RAGE 2 is the surprising sequel to Id Software’s 2010 shooter. Surprising because nobody thought we’d ever see a sequel, and surprising because of how it approaches the task of being a sequel.
RAGE 2 is coming out later in 2019 and despite being a direct sequel to RAGE. It’s abandoning much of the original RAGE formula and changing things up considerably.
At a recent event hosted by Bethesda UK I was able to get my hands on a build of the game and put it through its paces.
What was RAGE?
The original RAGE was released in 2010 to a mixed reception. Regardless of any issues it may have had, it was at its core a fundamentally solid shooter. With the best shotgun of 2010, by a long way.
Set after a meteor ploughs into the planet, the original RAGE focused on the Arks. Hidden buried underground, these bunkers held enhanced survivors from before the collapse. Waking up in one, the player explores this blasted, desolate world, bringing justice to the downtrodden and directly fighting the Authority, a group focused on preserving human genetic purity armed with advanced technology.
The end of the game shows Arks across the globe waking up, lights turning on in abandoned areas. Setting up the sequel.
Set years later, RAGE 2 picks up with some familiar themes. The Authority is still causing problems, the land is still mainly desolate, raiders are everywhere.
But things have changed. You play as Walker, the last of the Rangers of Vineland. The first thing that’s definitely changed is that this character is fully voiced, and also can be either male or female, not locking you into one gender as in the previous game.
The main difference, however, is powers. You aren’t just a soldier with a load of guns. You have a series of powers that enhance your abilities and help you control the battlefield. Here they are:
- Dash – Lets you zip out of the way of danger. What’s noticeable, if you’ve come from shooters like DOOM etc, is that your movement speed without sprinting is a little slower than in some games. Dash fills that gap, letting you dodge and make your way in and out of combat.
- Shatter – Smash an enemy. Like a little pushback, but not so little, and with a lot of pushback. Can be used in conjunction with dash to be a quick way to traverse and smash someone in the face.
- Ground Slam – Does what it says on the tin. Smash down on the ground and cause an AOE knocking enemies back and damaging them. Increases power with the height you fall from.
- Barrier – It’s a barrier, one you can plop down in the battlefield to provide cover or shape a blast around you. It’s not just passive though, you can upgrade it to be a lot more offensive.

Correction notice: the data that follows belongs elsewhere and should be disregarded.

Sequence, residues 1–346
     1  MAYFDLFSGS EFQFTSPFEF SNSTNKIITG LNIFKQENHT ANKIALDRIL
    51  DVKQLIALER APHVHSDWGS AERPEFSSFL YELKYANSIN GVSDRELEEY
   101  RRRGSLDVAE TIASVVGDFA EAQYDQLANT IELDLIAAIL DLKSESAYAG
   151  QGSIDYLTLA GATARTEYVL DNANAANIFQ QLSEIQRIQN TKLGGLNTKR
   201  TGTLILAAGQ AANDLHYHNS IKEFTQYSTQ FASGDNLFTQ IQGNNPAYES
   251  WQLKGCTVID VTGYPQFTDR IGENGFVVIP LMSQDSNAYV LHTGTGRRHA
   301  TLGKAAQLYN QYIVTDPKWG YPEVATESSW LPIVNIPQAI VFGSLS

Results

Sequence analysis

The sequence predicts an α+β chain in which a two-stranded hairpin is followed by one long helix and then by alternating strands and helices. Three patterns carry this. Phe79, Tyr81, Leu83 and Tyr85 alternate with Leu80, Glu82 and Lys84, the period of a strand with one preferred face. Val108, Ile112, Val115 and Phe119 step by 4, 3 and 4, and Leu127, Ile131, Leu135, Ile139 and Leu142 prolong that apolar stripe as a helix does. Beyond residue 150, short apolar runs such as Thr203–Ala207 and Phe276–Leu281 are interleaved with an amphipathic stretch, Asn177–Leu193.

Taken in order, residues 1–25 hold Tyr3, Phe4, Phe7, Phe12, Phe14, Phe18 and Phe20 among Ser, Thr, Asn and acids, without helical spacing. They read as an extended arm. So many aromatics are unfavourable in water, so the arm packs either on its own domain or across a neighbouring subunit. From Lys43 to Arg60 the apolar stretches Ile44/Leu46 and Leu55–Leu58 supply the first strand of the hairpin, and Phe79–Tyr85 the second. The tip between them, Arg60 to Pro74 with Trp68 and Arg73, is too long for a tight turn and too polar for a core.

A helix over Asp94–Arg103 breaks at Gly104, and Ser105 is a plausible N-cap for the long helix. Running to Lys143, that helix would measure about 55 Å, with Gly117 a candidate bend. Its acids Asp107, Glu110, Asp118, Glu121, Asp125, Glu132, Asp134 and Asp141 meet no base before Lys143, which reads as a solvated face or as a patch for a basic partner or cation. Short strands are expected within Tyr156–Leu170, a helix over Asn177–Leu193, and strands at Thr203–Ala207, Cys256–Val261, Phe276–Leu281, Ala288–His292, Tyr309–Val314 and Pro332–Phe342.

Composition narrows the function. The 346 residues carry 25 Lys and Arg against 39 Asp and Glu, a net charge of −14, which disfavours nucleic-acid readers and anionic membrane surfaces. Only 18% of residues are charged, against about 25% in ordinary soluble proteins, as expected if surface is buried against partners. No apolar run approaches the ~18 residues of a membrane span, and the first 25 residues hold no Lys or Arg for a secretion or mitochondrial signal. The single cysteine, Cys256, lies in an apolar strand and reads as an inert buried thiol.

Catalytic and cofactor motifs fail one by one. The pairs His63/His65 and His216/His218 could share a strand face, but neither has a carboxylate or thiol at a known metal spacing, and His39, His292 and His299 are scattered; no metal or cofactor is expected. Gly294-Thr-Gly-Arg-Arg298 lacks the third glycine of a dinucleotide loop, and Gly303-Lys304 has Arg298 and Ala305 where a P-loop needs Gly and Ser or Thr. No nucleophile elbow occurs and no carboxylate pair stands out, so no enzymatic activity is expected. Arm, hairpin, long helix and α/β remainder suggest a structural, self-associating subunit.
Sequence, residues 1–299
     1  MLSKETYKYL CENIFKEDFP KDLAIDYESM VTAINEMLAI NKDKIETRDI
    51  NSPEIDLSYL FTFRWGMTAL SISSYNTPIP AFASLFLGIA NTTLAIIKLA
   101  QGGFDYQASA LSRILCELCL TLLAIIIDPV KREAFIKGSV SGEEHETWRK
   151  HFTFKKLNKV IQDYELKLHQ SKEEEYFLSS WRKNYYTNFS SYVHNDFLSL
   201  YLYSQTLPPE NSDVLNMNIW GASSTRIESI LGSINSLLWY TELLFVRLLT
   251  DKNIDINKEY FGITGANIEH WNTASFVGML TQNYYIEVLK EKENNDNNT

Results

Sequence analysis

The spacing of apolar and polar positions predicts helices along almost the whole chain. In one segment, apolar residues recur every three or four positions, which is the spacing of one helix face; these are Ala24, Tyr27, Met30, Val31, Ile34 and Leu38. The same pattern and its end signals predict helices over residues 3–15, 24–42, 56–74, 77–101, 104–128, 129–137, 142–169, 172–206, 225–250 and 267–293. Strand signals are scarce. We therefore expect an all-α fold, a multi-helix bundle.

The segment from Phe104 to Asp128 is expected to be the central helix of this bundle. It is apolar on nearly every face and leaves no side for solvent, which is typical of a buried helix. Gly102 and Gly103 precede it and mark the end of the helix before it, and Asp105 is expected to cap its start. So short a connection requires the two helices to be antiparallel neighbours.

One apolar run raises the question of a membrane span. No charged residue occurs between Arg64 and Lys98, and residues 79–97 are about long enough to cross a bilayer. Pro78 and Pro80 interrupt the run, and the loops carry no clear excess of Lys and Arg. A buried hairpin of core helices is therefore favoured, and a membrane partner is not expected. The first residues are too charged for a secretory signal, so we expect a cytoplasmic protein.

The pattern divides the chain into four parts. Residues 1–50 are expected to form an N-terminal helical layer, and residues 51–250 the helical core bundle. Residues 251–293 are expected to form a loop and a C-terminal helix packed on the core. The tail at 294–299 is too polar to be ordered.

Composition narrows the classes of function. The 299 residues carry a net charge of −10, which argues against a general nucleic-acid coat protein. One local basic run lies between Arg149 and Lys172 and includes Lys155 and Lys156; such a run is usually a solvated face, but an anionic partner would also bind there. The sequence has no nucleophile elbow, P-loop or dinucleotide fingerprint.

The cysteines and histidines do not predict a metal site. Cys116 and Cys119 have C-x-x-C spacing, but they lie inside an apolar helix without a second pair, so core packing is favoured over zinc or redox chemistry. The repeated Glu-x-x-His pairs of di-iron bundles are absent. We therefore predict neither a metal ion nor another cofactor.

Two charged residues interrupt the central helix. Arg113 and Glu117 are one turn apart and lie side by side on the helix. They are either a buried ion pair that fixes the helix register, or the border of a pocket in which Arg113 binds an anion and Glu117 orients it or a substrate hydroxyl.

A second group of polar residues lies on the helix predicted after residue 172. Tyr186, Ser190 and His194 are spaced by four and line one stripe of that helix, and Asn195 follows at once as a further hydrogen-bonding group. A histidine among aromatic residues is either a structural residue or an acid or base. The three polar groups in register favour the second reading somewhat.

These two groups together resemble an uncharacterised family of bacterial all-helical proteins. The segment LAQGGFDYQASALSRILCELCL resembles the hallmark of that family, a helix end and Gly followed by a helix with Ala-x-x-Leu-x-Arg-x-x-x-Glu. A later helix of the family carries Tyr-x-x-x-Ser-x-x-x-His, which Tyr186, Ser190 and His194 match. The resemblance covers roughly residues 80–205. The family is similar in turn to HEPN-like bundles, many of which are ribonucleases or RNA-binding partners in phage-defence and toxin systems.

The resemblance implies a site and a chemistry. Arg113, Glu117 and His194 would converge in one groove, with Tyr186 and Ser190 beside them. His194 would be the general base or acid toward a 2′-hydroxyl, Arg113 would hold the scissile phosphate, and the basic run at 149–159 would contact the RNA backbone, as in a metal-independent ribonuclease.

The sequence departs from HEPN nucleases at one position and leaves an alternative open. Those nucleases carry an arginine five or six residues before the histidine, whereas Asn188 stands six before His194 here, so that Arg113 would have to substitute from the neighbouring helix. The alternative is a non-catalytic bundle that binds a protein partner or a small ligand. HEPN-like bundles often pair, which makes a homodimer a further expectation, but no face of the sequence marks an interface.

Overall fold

- Vortex – Toss a grenade out, watch enemies get sucked in then tossed out into the sky. Helps you control the battlefield, and your opponents.
Armed with these, and some well crafted weapons, Walker is a force to be reckoned with.
And those weapons? They feel good, solid. Just like in the original RAGE you can tell time and attention has been put into making these guns feel like, well, guns. The shotgun especially, that’s still excellent.
Upgrades and factions
The main meat of the game comes through performing tasks and missions for three different faction heads. These not only advance the story, but each faction head is tied to an upgrade path.
Instead of having a standard upgrade tree, you earn resources through running missions for these faction heads. These can then be cashed in for upgrades along three different upgrade trees.
That means that if you want X upgrade, you’ll need to be doing missions for Y faction. Meaning if you want a balanced character, you may need to do some juggling.
A massive open world
There’s a huge amount of things to do on the map, all with their own rewards. When I played I performed a couple of missions for the mayor of Wellspring, and even then I stopped multiple times when travelling for diversions and side quests.
That’s the main thing I took away from playing RAGE 2 – how busy the world is. It’s not the world of RAGE where very occasionally you’d see a few bandits driving past, this feels much more bustling.
There’s cars passing you by, often shouting for help as they’re assaulted. Missions dot the map with rewards for capturing locations, driving out bandits, or performing other tasks like assaulting heavily armoured convoys.
It definitely feels like a fundamentally different creature to the original RAGE. And that comes through most in the tone.
Pink all round
By now we’re all probably aware of the more virulent pink that Id and Bethesda are using in their RAGE 2 videos. But it’s not just in colour that the game differs from the original, the tone is completely different.
Part of this is a side effect of having a more bustling, more busy, more green wasteland than the first game.
However, there is definitely a lighter tone at work here. The original RAGE was quite serious in how it portrayed the world after the end of the world. RAGE 2 seems to have dialled things up a bit. Characters are larger and make a lot more jokes, everything’s more colourful, and the world just feels more…more.
Pinks and neons are everywhere in fights, and especially in the main hub of Vineland during the night. Then the game goes from a wasteland-style Mad Max look to an almost Vaporwave look. Imagine walking through a Kavinsky track, that’s the vibe I got.
RAGE 2 is looking bigger than the original and it’s shaping up to be a completely different animal. Whilst retaining the DNA of the setting and some of the factions (and wingsticks), the game itself feels almost like a new entry in a new series, rather than a sequel.
If you bounced off RAGE or are just looking for a big meaty open world shooter to get your teeth into, RAGE 2 might just be the thing you’re looking for.
RAGE 2 is coming to PC, Xbox One, and PlayStation 4 on May the 19th.